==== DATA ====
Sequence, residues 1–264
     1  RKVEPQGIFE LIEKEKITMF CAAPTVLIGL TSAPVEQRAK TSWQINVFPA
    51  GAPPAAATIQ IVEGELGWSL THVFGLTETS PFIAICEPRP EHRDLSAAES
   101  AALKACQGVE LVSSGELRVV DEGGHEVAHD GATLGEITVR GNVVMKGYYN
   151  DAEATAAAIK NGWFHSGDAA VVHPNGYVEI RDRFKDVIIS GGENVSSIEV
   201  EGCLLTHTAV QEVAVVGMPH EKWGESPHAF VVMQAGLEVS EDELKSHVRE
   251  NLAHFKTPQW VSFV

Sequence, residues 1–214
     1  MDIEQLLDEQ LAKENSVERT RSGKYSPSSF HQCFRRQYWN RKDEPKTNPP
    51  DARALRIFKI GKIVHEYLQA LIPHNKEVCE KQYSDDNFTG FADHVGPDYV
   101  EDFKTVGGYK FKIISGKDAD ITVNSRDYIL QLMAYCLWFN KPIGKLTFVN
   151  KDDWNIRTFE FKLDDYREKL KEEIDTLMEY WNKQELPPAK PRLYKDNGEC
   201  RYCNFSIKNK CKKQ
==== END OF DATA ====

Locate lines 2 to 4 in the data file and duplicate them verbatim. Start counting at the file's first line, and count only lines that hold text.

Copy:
     1  RKVEPQGIFE LIEKEKITMF CAAPTVLIGL TSAPVEQRAK TSWQINVFPA
    51  GAPPAAATIQ IVEGELGWSL THVFGLTETS PFIAICEPRP EHRDLSAAES
   101  AALKACQGVE LVSSGELRVV DEGGHEVAHD GATLGEITVR GNVVMKGYYN